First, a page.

Improving Emission Estimates Using Driving Cycles for Higher Road Grades
Research Idea Scope
EPA suggested in response to a comment in the last MOVES Model Review Workgroup that grade-specific drive cycle data (second-by-second speeds) be used instead of model default data (which generally correspond to travel at zero grade) as a means to improve emission estimates for vehicles on roads with higher grades. Vehicles travelling on roads with higher road grades have increased power demands (which tends to increase emission rates) and typically operate at lower speeds (particularly heavy trucks). Based on MOVES3 and previous versions of that model, emission rates can be significantly under-estimated at higher speeds and over-estimated at moderate speeds depending on the pollutant, vehicle type and roadway class. To assess this problem, driving cycles for higher road grades are needed for all vehicle types but particularly heavy-duty diesel trucks that emit fine particulate matter (PM2.5) at high rates, which can pose relatively high health impacts especially for those with respiratory conditions and may be of increased concern for areas with environmental justice (EJ) communities. Driving cycles for higher road grades are also important for estimating greenhouse gas (GHG) emissions per CEQ guidance for freeways that generally operate at relatively higher speeds than other roadway classes. Note state DOTs have the traffic expertise and therefore are in a much better position to assess driving cycles than EPA.
To validate the use of driving cycles for higher road grades as a means to improve emission modeling for NEPA analyses conducted by state DOTs, this study would first review the literature to identify available sources of the drive cycle data for higher road grades, e.g., via the Texas Transportation Institute and/or the National Center for Sustainable Transportation (NCST) at Georgia Tech. Ideally, drive cycle data would be obtained for light- versus heavy-duty vehicles (LDVs and HDVs respectively) in addition to the on-road fleet average. The sensitivity of the new MOVES4 model to the use of drive cycle data for high road grades versus default data would then be tested by comparing modeled emission factors for the specific speeds, road grades and road and vehicle types for which the high road grade drive cycle data are available. The comparisons would be done for pollutants typically modeled in NEPA studies at the project-scale, including not only PM2.5 and GHGs but also carbon monoxide (CO). To the extent that drive cycle data are available, emission factor comparisons would be conducted for LDVs, HDVs and the on-road fleet average. For a broader perspective, plots of emission factors by speed covering the full range of positive road grades typically encountered in practice would be compared for reasonableness for modeling based on the high-road grade drive cycle data versus the default data. The comparisons would be done by vehicle and road type.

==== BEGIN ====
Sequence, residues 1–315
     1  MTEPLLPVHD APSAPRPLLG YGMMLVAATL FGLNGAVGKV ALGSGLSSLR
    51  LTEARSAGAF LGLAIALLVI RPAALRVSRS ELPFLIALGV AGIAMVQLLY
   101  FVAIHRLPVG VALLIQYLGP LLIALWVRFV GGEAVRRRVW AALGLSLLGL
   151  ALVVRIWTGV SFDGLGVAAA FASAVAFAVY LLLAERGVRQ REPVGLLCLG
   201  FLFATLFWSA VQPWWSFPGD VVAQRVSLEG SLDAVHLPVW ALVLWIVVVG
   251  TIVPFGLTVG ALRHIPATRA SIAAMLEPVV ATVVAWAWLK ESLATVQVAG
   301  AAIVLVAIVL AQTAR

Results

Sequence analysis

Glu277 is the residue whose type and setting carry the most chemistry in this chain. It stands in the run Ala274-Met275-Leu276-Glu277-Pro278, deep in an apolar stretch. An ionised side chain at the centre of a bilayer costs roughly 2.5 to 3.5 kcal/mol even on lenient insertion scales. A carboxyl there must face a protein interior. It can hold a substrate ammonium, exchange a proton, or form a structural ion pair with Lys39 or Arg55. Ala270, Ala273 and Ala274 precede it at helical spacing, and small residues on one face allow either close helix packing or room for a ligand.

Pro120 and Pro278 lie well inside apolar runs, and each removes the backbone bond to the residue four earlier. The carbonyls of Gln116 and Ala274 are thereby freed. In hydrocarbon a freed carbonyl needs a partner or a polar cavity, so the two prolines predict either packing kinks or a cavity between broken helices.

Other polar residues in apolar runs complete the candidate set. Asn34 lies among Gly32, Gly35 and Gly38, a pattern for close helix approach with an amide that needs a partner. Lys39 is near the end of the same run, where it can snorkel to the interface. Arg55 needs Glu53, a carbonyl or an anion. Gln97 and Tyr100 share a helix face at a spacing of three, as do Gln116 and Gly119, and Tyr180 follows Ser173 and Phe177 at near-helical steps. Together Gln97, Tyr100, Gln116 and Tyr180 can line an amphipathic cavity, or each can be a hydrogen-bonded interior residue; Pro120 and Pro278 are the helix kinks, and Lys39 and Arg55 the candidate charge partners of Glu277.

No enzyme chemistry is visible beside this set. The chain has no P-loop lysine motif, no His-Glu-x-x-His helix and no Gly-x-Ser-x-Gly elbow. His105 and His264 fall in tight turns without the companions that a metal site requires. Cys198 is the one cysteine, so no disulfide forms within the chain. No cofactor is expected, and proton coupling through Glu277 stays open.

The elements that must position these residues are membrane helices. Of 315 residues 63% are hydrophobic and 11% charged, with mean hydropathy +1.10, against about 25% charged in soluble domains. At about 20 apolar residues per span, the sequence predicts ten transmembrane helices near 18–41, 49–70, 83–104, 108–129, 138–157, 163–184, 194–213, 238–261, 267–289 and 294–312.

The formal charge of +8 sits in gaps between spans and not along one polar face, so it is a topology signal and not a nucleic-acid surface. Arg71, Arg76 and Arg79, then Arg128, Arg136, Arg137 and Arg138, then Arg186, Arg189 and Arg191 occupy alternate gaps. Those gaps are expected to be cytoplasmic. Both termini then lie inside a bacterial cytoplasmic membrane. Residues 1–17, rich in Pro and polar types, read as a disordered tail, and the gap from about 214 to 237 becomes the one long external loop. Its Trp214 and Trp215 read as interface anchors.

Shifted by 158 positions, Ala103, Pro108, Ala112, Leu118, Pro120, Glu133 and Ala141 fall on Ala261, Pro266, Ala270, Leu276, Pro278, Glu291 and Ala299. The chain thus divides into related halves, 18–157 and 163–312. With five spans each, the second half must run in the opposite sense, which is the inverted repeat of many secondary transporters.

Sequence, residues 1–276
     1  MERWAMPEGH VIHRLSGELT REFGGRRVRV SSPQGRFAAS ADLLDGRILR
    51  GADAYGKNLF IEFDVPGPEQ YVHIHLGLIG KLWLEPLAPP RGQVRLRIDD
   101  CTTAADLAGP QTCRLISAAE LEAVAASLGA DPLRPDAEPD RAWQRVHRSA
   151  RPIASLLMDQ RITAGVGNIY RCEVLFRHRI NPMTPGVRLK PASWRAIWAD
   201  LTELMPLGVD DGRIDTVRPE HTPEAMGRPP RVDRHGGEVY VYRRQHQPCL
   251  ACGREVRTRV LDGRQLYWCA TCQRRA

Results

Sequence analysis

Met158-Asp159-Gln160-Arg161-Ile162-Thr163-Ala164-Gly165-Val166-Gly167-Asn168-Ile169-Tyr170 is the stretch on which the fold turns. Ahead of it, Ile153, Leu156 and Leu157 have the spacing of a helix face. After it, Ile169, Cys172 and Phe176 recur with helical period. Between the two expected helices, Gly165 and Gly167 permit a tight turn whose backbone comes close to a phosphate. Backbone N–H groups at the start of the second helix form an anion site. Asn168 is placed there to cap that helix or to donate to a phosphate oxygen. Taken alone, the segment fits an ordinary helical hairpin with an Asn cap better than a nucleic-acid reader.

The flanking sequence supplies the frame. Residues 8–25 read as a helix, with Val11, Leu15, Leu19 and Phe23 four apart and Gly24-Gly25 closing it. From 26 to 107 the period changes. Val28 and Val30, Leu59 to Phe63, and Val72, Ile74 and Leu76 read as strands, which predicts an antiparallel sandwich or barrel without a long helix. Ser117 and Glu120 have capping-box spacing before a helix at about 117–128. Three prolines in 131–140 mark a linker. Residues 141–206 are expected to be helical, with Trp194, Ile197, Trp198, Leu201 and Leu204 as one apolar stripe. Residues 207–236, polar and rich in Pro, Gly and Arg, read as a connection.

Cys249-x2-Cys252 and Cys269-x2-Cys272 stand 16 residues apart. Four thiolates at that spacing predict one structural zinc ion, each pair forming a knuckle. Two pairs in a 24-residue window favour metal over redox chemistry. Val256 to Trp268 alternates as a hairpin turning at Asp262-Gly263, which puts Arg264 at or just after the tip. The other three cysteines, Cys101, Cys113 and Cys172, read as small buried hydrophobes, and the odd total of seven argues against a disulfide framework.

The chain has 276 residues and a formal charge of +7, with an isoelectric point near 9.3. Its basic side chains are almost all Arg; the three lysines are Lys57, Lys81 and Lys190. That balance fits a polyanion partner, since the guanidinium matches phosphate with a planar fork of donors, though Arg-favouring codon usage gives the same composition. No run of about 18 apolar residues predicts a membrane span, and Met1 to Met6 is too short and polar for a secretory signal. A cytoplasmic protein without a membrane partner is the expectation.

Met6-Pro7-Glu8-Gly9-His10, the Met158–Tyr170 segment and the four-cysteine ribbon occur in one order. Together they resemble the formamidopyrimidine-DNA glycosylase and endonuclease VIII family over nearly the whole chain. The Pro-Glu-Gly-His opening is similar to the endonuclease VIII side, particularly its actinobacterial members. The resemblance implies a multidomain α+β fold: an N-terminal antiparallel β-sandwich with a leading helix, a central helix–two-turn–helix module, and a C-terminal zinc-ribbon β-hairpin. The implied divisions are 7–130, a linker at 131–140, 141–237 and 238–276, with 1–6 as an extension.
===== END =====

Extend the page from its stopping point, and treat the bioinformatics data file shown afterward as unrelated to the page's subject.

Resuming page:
Optionally, a field study could also be done to collect drive cycle data covering a broad range of road grades and speeds that would allow for a more comprehensive review. Portable emission monitoring systems (PEMS) could be used in the field study to collect emission data in addition to the drive cycle data for LDVs and HDVs. The budget and timeframe for this optional field study would be additional to those suggested above.
Urgency and Payoff
The potentially substantial uncertainty in emission estimates for high road grades may become an increasing cause for concern for NEPA air quality studies, particularly if it leads to significant underestimates of emissions and local air pollutant concentrations for roads in or near EJ communities. This study would determine whether those potential concerns can be effectively addressed through the use of representative drive cycle data for higher road-grades instead of default drive cycle data. It may also help provide more representative mitigation options for communities.